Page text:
The constant barrage of TV commercials for smart phones leaves my head spinning in 3G or 4G time, even though I don’t know what 3G or 4G mean That’s probably why all the new cellular phone technology leaves me nostalgic for the first phone we had when I was a child. It was black and boxy, with a circular dial. I remember lifting the receiver often to make sure the dial tone was still there. Even at an early age, I somehow understood that the dial tone was a link to everyone we knew.
Phone numbers had to be dialed, since all phones were rotary style. Also, we were one of four parties on the same line. There were no area codes, either. If you called outside the area, your local operator contacted a long distance operator, who placed a call to another city. Long-distance calls were expensive, so most people only made them when someone was ill or had died.
My grandmother lived with us when I was a child. She spoke English with a thick Italian accent. I remember Gramma trying to call her sister in Boston. Her side of the conversation with the operator went something like this:
“Allo, operation? I wanna call Carmella ina Boston.”
“What is her number?” I imagine the operator asked.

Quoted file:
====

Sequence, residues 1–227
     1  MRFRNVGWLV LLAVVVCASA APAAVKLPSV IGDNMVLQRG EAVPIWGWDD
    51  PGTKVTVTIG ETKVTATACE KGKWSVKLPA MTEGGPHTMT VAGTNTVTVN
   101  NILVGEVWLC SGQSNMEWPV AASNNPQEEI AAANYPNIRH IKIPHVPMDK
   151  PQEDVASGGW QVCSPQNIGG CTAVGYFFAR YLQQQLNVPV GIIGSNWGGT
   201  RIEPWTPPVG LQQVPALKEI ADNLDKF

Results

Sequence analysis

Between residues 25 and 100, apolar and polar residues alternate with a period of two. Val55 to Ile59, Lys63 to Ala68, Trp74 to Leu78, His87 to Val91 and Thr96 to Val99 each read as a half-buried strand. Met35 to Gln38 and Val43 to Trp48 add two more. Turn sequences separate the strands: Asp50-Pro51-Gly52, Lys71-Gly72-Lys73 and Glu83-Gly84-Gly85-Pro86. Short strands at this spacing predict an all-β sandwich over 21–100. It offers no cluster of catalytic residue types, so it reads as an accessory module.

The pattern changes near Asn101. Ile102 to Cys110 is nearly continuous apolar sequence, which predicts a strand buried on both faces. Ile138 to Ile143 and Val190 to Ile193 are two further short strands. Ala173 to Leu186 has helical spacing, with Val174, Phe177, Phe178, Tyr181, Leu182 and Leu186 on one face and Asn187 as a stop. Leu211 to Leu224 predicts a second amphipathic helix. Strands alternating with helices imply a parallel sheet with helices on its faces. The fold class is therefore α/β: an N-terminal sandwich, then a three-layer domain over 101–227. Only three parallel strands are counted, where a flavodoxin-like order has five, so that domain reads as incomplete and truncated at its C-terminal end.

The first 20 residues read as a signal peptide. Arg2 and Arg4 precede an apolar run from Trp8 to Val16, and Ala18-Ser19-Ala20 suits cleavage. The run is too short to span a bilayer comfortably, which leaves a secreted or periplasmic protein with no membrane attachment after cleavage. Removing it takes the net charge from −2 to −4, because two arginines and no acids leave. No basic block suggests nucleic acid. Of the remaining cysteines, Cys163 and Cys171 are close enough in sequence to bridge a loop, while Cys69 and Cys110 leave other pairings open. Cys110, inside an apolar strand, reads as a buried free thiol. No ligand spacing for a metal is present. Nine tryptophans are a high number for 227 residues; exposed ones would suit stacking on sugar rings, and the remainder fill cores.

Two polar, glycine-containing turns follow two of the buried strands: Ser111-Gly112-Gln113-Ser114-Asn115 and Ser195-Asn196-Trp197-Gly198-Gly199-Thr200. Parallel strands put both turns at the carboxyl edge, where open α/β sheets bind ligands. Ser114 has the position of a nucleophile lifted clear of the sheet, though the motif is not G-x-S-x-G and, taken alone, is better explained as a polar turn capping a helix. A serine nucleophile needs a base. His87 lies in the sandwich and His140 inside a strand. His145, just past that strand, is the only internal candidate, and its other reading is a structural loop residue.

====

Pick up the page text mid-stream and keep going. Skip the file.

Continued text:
“She’sa number two ’cause Ima the oldest.” Gramma said.
” Here, Gramma, let me help.”
Two of the other parties, a lady named Irma and a man named Jack, burned the wires most of the day. Irma was usually talking about her illnesses. Jack was an inveterate horse player who was always trying to reach his bookie. I remember one day I was listening to Irma when Jack picked up. Naturally, my mother had to be out of the house. She’d smack me with a yardstick if she caught me eavesdropping. Irma was usually talking to her friend Sadie. Jack would invariably cut in to ask to use the phone, since he could not dial out when the line was being used by one of the other parties.
Jack always said that he needed the phone for an emergency call. Of course, Irma knew that “emergency” meant that Jack needed to contact his bookie to get a bet down. The jousting would usually begin in a civil manner, but sooner or later Irma would call Jack a deadbeat and Jack would scream that she was a phone-hogging nut case. Jack made useless threats which stiffened Irma’s resolve to stay on the line with Sadie.
Once, while I was listening quietly with one hand over the mouthpiece, I could no longer contain myself and began laughing.
“Are you listening in, you little scamp? Hang up or I’ll tell your mother and she’ll beat your fanny,” Irma screamed at me.
“Bratty kids, no respect for their elders,” Jack said.
“Right,” said Irma.
Once busted, it was wise to retreat, since uniting Irma and Jack against a common enemy was not good strategy.
Eventually, we were awarded a single-party line, and we didn’t have to share the phone line. Still, I missed Jack and Irma. They had enriched my life in a way new technology never can. Smart phone technology may present us with the opportunity to be connected to everyone we know. Yet, without that comforting dial tone, I’m not sure it really does.
Jerry Gervase is a columnist for The Herald. He can be reached at firstname.lastname@example.org.